In the second act the long and convoluted tale of Peer's rise to power is cleverly solved with an ersatz newsreel of his life, a la Citizen Kane, that combines snippets of Ibsen's play with stock footage from the '30s. The film is fast-moving, sharp-edged, and so modern in sensibility that in contrast the impact of the presentational stage is diminished. We see the difference, too, in acting style. Sidney ages comfortably in the filmed sequences, but when we meet him onstage again at 60 the youthful actor has a harder time with it.

Throughout Peer's journey, he has feared only one thing: death in the form of the button molder (a sinister Ameenah Kaplan). However, Ibsen's joke is that Peer becomes such a nonentity as the result of his business practices that not even the devil will take him, even when he tries to buy his way into hell. Rabinowitz's presence is felt throughout the production in the staging--notably the wedding tableau--punctuated by effective lighting by Heatherlynn Lane and augmented by Raquel Horsford's choreography. Maxi Anderson handled the choral sequences. The bits and pieces of setting by Mark Bowerman solve the dilemma posed by the novelistic structure of Ibsen's 140-year-old play.

-- Leigh Kennicott
Backstage West


"Peer Gynt," Ibsen's "dramatic poem," was based on the old Norwegian folk tale about the narcissistic scoundrel Peer Gynt, whose wild and sometimes supernatural exploits have given many a post-Freudian academician plenty of grist for scholarly dissertations.

First published in 1867, "Peer Gynt" was the last verse drama Ibsen wrote. Perhaps that was because, when the play was eventually mounted in Ibsen's native Norway, it was critically excoriated. A sweeping blend of comedy, tragedy and folk story, Ibsen's play, if uncut, runs about six hours. In his new adaptation at the Sacred Fools Theatre, director Scott Rabinowitz, working from an uncredited translation, controls and focuses much of the dramatic sprawl, slashing whole segments from Peer's picaresque adventures. Still, at three-plus hours, Rabinowitz's ambitious take remains too much of a good thing. Even given an amusing video segment that further winnows the narrative, the adaptation waxes turgid in its latter scenes.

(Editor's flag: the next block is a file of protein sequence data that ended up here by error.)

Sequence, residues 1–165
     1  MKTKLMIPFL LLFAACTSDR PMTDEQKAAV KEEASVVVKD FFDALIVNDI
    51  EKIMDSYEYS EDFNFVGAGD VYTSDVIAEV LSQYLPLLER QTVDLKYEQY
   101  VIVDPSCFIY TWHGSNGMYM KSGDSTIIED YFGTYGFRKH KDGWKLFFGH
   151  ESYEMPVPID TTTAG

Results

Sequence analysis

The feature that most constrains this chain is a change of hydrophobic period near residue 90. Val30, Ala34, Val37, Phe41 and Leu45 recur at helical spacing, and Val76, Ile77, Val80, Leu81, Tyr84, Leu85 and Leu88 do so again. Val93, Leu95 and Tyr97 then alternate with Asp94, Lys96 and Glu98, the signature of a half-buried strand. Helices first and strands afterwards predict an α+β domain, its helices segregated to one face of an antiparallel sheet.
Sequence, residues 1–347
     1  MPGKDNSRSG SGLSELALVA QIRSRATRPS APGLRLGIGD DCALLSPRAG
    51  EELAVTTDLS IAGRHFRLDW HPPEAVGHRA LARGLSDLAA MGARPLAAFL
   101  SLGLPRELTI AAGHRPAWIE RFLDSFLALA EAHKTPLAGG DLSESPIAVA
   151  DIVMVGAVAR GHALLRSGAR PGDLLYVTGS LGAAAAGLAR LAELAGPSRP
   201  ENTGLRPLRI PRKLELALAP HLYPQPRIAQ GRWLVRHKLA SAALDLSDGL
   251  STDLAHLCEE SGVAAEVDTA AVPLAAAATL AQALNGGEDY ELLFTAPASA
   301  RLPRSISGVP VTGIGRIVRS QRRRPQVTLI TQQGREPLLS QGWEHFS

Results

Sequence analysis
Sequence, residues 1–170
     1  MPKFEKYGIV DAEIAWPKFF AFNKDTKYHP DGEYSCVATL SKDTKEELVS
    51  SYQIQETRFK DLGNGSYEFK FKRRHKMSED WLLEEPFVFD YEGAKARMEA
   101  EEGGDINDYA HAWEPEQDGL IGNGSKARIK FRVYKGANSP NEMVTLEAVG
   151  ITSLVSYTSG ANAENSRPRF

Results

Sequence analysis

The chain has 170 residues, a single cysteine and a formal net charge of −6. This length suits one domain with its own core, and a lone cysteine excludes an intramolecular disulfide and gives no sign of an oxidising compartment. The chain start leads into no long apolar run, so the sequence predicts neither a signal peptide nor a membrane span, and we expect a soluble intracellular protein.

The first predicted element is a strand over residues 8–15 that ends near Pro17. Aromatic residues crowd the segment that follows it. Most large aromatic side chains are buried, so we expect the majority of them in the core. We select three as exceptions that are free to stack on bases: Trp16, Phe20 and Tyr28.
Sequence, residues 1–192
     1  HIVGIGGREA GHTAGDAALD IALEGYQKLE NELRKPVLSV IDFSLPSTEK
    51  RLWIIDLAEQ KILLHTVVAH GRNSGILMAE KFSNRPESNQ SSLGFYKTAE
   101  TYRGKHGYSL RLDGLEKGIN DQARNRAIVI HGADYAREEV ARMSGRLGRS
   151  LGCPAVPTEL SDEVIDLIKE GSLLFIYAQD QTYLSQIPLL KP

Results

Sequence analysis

That said, Rabinowitz and his cast deserve high praise for the sheer ingenuity of their effort. Rabinowitz, who here switches the play's action to the Depression-era Mississippi Delta, has overseen a rich concoction of blues music, folk superstition and steamy sensuality that suits his source material down to the ground. Music director Michael Anderson, also known as the Legendary Buck Silvertone, contributes a toe-tapping blues score of the most bawdy and traditional stripe.

Jacob Sidney is alternately puckish and commanding as Peer, holding the stage through one of the most arduous roles in the theatrical canon. As Peer's mother, Ase, Eyvonne Williams adds the right touch of folksy naturalism, despite her evident struggle for lines on opening night. Among the large and superlative cast, Troy Blendell stands out as a consummately trashy Troll King; so does Ameenah Kaplan as the Button Moulder, Ibsen's famous and mysteriously symbolic character, a peddler intent upon melting the petty Peer down for a cosmic recycling.

-- F. Kathleen Foley
L.A. Times